Jenn’s review of the Dark Monk by Oliver Pötzsch

For the most part, I truly enjoyed The Dark Monk: A Hangman’s Daughter Tale. It falls into my favorite genre, Historical Fiction. The author bases many of his characters and locations on true people and places. He reports in the afterword that he is the descendant to numerous hangmen including Jakob Kuisl, who apparently had a daughter named Magdalena. He also includes detailed descriptions of the historical sites that played parts in his story, just in case you find yourself in Germany and want to take a tour. I appreciate when authors do this; it really helps to piece everything together for me.

I especially enjoyed the lead characters: Jakob Kuisl (the hangman), Magdalena (the hangman’s daughter) and Simon (the local physician and “boyfriend” to Magdalena). I am glad that I got to know the characters well in the first novel, as the author doesn’t focus on them as much in this story. You can appreciate their connections to each other as their stories intertwine, but the author takes them on separate adventures throughout the book. I would have liked to see Magdalena and Simon’s relationship grow some more, but maybe the author didn’t want to distract from the main storyline.

I was also captivated by the relationship that Jakob and Magdalena had with the town’s characters. I found it intriguing how they could be so shunned and feared by members of the town, yet they run to them when they need cures for their illnesses. Everyone looks down on their family until they are in dire need of their medical skills and knowledge. Even knowing this, you still see their characters evolve. Jakob, for instance, seems to become more empathetic and fair. He won’t let a criminal suffer at the hands of his torture if he feels that person has shown penance or has been wronged by society.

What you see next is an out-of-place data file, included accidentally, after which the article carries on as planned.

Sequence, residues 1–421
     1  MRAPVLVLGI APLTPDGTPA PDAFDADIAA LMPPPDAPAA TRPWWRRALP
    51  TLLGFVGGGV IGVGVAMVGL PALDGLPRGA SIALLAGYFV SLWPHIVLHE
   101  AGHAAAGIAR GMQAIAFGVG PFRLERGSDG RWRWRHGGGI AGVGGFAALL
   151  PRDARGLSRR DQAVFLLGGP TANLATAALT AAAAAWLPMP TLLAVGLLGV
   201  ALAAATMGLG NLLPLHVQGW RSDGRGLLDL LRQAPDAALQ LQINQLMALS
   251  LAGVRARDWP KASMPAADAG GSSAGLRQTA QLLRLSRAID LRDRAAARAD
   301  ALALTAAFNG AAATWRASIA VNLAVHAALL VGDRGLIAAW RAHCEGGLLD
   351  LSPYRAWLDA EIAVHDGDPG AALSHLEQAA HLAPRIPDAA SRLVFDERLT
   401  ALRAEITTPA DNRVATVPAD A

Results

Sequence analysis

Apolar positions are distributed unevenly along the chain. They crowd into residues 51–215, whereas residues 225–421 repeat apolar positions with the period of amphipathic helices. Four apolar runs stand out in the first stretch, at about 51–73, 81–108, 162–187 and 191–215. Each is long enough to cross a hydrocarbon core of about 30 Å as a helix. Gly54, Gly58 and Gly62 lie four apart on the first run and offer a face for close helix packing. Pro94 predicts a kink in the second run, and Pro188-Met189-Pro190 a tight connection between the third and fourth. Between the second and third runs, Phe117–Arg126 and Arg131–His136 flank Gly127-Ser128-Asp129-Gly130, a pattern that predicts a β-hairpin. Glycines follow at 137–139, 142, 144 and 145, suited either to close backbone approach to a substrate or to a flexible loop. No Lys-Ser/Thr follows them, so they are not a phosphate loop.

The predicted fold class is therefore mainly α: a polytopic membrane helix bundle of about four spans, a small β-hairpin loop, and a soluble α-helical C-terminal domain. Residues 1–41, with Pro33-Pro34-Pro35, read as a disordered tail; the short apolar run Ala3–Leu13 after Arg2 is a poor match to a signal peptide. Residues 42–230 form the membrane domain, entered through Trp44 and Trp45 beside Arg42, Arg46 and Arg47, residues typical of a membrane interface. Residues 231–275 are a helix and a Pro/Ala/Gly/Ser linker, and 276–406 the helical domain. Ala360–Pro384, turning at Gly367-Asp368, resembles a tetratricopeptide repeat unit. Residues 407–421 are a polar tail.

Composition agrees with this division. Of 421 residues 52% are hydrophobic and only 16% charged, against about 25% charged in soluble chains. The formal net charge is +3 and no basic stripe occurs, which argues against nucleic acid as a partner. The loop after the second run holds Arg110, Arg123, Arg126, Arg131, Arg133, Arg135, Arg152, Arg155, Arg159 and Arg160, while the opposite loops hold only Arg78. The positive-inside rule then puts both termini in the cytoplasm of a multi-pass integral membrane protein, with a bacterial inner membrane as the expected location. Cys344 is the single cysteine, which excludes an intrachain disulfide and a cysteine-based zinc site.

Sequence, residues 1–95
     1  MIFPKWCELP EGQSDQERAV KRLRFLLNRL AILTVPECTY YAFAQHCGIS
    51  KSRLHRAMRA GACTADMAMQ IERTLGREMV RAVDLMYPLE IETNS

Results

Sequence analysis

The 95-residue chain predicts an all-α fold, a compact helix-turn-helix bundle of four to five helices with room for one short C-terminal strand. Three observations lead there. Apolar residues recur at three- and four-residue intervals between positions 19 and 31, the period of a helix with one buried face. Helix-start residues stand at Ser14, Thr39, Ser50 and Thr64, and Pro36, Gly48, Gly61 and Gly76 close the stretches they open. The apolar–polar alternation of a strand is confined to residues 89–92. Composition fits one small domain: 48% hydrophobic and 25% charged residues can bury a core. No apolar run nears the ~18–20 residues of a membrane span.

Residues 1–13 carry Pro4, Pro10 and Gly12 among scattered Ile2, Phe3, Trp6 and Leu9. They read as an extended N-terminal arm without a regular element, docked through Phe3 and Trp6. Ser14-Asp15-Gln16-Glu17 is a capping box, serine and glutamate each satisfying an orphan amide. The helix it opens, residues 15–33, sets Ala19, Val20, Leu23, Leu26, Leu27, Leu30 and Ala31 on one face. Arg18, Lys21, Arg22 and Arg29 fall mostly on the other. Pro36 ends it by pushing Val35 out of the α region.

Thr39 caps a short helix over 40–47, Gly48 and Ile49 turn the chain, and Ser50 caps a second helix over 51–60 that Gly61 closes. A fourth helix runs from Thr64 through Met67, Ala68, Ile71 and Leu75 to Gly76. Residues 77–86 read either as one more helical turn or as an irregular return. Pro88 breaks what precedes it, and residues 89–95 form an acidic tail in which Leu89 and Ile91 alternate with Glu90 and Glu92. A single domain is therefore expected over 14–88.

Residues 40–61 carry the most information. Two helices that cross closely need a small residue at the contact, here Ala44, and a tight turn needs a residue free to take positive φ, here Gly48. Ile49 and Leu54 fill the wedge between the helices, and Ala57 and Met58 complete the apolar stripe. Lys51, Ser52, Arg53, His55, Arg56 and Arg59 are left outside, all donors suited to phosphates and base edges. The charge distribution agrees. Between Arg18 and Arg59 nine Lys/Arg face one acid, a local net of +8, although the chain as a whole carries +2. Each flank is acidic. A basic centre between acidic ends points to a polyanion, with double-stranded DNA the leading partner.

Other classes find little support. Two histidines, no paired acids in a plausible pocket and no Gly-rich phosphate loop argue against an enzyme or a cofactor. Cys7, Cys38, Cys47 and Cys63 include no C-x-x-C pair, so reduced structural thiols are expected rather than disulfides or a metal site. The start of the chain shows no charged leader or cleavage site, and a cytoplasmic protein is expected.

As in books like the The Da Vinci Code (which I also loved), the author takes you on a tour of churches and other religious areas to investigate relics, and how those relics lead to the next clue of the riddle created by the Knights of the Templar. I did find that I really had to pay attention and often had to reread sections as I tried to keep all the sordid details straight. I found myself getting the rival characters mixed up.

In stories where there is friction and discord in the church it always amazes me how the antagonists, often members of religious sects, are able to justify murder and crimes against humanity when it was in the name of God. It really makes you think.

Whereas parts of the story were a little dry and the ending was somewhat anticlimactic, I enjoyed trying to put the pieces of the puzzle together. Also like the Da Vinci Code, I think this series would make a great movie.  I am looking forward to the next installment of the Hangman’s Daughter series: The Beggar King. I’ll usually take a break between historical fiction books, but this one will be on my upcoming list for sure.

Also available for the Nook (Barnes & Noble)